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HOUSTON – Two spacewalking astronauts added a new piece to the metal backbone of the International Space Station on Tuesday, clearing the way for a critical power rewiring later this week. Space shuttle Discovery crew members Robert Curbeam, who was making his fourth spacewalk, and partner Christer Fuglesang, a rookie flier and Sweden’s first astronaut, slipped outside the station’s airlock at 3:31 p.m. EDT (2031 GMT) to begin about six hours of work.
Curbeam and Fuglesang guided robot arm operator Joan Higginbotham, who was nudging an 11-foot (3.3-meter) beam into position from aboard the space station. The beam is a connecting piece that will act as a spacer between two power modules.
“This is going to be really slow motion,” Higginbotham said, as she prepared to move the two-tonne segment. “Keep coming, keep coming,” Curbeam called out. Clearance was as tight as 2 inches as Higginbotham delicately maneuvered the new piece into position at the end of the solar array truss, which was delivered to the station in September.
It took a couple of tweaks to properly align all four corners of the beam so it could be bolted into place. During the maneuver, flight controllers told the crew that Discovery’s heat shield had passed all inspections and no additional surveys would be needed. NASA has been meticulous about scouting the shuttle for damage since losing Columbia and seven astronauts in 2003 because of a debris strike. “That’s outstanding news,” said shuttle commander Mark Polansky. “We’re happy to hear that we can go on with normal (station) assembly tomorrow.”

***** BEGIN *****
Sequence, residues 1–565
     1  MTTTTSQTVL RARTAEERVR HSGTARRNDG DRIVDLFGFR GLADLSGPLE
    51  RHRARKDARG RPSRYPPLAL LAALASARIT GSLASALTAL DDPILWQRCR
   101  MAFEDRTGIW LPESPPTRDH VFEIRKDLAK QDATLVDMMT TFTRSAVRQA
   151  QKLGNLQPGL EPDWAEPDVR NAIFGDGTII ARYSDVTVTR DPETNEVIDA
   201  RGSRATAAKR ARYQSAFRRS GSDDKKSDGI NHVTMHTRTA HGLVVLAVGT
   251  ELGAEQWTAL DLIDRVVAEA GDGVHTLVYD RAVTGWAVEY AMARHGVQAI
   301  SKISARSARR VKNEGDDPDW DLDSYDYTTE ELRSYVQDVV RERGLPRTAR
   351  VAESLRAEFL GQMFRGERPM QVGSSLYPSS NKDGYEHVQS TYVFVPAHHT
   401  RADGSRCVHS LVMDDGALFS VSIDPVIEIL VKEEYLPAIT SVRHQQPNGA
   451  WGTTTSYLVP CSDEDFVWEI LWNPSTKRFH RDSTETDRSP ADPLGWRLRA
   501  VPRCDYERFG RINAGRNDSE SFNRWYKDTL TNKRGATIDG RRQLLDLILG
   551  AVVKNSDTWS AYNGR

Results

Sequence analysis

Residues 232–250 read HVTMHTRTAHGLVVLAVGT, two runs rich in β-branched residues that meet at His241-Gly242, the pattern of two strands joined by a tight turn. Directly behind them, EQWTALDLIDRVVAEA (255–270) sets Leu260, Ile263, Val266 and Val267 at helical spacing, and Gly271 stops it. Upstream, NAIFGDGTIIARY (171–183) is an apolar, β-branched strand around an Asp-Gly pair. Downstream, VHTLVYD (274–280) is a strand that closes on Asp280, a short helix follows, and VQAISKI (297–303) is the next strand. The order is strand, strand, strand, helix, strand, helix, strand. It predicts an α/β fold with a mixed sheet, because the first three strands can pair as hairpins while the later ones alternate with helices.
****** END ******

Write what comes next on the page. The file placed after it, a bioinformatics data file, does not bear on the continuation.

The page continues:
On Wednesday, one of the station’s two 6-year-old solar arrays, which have been the sole power providers to the U.S. sections of the station, is to be folded up. Next year, the second panel will be retracted and the entire power module relocated to boost the station’s power supply. The Discovery crew hopes to leave the station drawing power from the new set of solar arrays delivered and installed during a shuttle mission in September. The rewiring, which is needed to power new laboratories due to arrive next year, is scheduled to be done during spacewalks on Thursday and Saturday. Retracting the old array may be tricky. NASA originally planned to do the work in 2003, but station construction was halted due to the Columbia accident.
Discovery’s flight is the second since the accident dedicated to station assembly. NASA plans at least 13 more missions to complete the station before the shuttle fleet is retired in 2010.
If the array fails to fold up automatically, NASA might dispatch Discovery’s spacewalkers on an extra outing to manually retract the panel. It must be retracted at least 40 percent to leave room for the new arrays to rotate as they track the sun for power.
“Hopefully that will work according to plan,” Polansky said.